Pissing in the Ocean

Ocean Nourishment Corporation of Sydney, Australia just got the green light to dump several hundred tons of industrially-produced urea in to the Sulu Sea between the Philippines and Borneo. Assuming you urinate about 1.5 liters a day (range is 800ml to 2000ml) that is about the same amount of 500 years of your collected urine…if you actually decided to collect your urine. Several international civil societies called upon the London Convention, the UN committee that regulates ocean dumping to prevent the experiment. Again the idea, is to promote phytoplankton growth and eventually sequester carbon in the deep. Keep in mind that ONC and Planktos are for-profit companies. Another common theme is the targeting of Indo-Pacific arenas with lax regulations and oversight. This is the same strategy Nautilus Mining seems to be employing.

“The global South is once again a dumping ground for risky technologies – this time our oceans are being threatened by high-risk geoengineering schemes that are rushing forward without public consultation or intergovernmental oversight,” said Neth Dano of Malaysia-based Third World Network. “A few months ago we learned that Planktos, Inc. wants to dump iron particles in the ocean near the Galapagos – now Southeast Asian coastal waters are the target for experimental urea dumping. It’s disgraceful that carbon-trading profiteers are marketing these experiments as humanitarian projects to feed hungry people and arrest climate change,” said Dano.

Keep in mind also that the International Panel on Climate Change (IPCC) has labeled these schemes risky and is concerned about the potential for toxic tides and lifeless oceans from anoxic conditions.

Ruperto Aleroza of Kilusang Mangingisda, the Philippine Fisherfolks Movement, represents local people whose livelihoods are threatened by Australian company Ocean Nourishment Corporation, who already have plans to dump synthetic urea in the oceans around the Philippines said: “This technology is unacceptable. It is a dangerous technology that could imperil the marine environment which is the main source of survival and
livelihood of poor fisherfolks in the Philippines.”

Agenda Item 12 from the US to the London Convention states concern of Planktos operations in international waters noting that

Planktos, Inc. was not able to provide the EPA with any information relating to an evaluation by the company or by any regulatory body of the potential environmental impacts of their planned iron addition projects, such as:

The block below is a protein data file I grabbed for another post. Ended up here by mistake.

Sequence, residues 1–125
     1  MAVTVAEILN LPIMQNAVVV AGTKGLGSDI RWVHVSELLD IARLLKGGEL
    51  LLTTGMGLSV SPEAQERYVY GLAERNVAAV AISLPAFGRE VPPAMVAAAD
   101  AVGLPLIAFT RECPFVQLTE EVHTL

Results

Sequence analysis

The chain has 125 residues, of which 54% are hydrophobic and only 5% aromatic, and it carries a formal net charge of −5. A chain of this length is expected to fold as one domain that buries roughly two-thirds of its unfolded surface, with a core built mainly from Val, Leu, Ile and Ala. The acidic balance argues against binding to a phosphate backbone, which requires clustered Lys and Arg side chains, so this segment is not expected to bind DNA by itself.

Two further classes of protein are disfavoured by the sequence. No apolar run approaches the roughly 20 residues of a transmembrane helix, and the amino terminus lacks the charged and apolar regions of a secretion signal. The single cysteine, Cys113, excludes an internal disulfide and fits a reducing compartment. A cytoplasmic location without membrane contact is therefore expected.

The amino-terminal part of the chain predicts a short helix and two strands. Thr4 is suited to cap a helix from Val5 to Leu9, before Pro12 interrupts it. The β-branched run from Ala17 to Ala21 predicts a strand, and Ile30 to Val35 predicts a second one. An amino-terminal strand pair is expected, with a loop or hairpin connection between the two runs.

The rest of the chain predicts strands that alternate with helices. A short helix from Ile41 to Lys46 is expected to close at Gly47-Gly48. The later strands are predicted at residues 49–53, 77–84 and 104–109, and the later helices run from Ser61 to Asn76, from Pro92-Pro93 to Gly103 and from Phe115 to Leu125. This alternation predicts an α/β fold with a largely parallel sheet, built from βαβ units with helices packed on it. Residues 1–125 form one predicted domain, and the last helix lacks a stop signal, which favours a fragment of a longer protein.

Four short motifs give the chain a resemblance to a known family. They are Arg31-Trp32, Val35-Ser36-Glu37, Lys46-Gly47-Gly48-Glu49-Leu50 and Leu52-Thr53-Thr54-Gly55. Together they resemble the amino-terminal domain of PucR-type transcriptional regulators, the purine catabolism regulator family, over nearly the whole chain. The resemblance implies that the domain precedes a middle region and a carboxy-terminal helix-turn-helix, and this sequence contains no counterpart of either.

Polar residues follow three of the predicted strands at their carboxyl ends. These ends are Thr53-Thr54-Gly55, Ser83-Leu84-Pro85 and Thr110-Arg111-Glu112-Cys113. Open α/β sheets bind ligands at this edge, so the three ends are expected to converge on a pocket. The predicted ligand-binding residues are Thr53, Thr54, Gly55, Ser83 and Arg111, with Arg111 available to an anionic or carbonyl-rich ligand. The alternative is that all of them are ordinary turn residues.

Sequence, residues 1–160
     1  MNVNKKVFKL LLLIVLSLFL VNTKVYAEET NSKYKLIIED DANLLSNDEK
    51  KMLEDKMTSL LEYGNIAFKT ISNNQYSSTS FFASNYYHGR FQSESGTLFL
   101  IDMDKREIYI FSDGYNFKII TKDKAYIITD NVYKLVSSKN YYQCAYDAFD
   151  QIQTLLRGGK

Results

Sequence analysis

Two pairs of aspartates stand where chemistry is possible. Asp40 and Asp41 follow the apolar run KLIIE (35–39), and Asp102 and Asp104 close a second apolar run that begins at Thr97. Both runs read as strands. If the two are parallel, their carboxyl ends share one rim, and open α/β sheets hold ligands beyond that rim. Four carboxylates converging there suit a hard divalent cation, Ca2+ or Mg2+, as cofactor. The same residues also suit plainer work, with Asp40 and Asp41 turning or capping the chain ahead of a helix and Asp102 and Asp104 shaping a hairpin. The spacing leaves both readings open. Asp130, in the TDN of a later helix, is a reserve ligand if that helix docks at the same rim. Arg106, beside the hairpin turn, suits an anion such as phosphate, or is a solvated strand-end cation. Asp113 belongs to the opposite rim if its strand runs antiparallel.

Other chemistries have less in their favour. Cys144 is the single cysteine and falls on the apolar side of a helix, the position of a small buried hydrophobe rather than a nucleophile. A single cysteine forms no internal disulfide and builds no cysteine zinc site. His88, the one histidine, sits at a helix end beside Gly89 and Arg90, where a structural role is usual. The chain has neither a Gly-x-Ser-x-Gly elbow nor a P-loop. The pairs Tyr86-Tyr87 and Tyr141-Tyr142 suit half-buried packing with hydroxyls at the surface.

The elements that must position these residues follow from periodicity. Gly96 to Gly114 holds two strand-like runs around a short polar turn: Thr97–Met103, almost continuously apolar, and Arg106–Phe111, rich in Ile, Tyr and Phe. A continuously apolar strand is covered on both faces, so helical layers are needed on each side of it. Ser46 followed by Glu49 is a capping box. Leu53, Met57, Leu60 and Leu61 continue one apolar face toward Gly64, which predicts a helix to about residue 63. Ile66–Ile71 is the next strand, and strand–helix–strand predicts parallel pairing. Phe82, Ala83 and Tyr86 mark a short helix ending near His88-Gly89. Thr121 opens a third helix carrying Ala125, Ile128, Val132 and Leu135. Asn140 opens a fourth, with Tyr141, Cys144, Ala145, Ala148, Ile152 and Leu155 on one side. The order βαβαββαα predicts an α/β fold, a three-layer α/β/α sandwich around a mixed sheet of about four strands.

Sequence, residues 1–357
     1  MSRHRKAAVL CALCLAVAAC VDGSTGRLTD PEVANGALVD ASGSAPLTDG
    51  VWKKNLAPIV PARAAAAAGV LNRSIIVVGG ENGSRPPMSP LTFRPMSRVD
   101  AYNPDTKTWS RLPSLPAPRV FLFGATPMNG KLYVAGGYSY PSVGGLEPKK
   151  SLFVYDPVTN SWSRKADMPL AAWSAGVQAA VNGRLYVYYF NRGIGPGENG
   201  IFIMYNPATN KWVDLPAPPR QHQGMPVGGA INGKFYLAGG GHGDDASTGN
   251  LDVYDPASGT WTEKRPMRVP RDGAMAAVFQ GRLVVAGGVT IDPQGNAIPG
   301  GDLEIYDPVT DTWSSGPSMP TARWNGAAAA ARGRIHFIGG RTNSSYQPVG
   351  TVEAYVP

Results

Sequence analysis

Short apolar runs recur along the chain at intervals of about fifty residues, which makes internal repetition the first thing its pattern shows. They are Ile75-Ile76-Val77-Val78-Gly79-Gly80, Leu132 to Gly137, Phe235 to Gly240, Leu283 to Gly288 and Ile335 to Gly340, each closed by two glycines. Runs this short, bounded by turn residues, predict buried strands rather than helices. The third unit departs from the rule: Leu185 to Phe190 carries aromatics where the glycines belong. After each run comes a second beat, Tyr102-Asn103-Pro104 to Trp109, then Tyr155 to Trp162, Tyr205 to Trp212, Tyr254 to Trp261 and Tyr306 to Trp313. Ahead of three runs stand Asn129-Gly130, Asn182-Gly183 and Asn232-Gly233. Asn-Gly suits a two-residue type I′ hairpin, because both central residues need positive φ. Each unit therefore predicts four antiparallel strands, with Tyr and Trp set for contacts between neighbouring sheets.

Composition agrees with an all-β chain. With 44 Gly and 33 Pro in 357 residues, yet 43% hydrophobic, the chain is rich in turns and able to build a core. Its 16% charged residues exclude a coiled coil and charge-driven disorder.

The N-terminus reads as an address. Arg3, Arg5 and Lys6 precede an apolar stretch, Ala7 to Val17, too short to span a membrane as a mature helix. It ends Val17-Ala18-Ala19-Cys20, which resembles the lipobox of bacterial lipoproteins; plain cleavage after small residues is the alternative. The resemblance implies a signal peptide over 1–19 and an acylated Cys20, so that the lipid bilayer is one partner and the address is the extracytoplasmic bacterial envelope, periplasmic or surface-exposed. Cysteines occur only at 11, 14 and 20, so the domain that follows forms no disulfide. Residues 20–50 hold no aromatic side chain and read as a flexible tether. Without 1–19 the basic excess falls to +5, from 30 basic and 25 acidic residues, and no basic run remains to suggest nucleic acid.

1 the estimated amount and potential impacts of iron that is not taken up by phytoplankton;
2 the amounts and potential impacts of other materials that may be released with the iron;
3 the estimated amounts and potential impacts of other gases that may be produced by the expected phytoplankton blooms or by bacteria decomposing the dead phytoplankton;
4 the estimated extent and potential impacts of deep ocean hypoxia (low oxygen) or anoxia (no oxygen) caused by the bacterial decay of the expected phytoplankton blooms; or
5 the types of phytoplankton that are expected to bloom and the potential impacts of any harmful algal blooms that may develop.

I hope this post leaves you more than just a little concerned.

Dr. M (1606 Posts)

Craig McClain is the Assistant Director of Science for the National Evolutionary Synthesis Center, created to facilitate research to address fundamental questions in evolutionary science. He has conducted deep-sea research for 11 years and published over 40 papers in the area. He has participated in dozens of expeditions taking him to the Antarctic and the most remote regions of the Pacific and Atlantic. Craig’s research focuses mainly on marine systems and particularly the biology of body size, biodiversity, and energy flow. He focuses often on deep-sea systems as a natural test of the consequences of energy limitation on biological systems. He is the author and chief editor of Deep-Sea News, a popular deep-sea themed blog, rated the number one ocean blog on the web and winner of numerous awards. Craig’s popular writing has been featured in Cosmos, Science Illustrated, American Scientist, Wired, Mental Floss, and the Open Lab: The Best Science Writing on the Web.





6 comments on “Pissing in the Ocean
  1. What kind of preliminary studies have been done concerning these various schemes (iron, urea, magic fairy dust, etc)? At what scale has something like this been done – 2 L flasks? 60 gallon barrels? small ponds?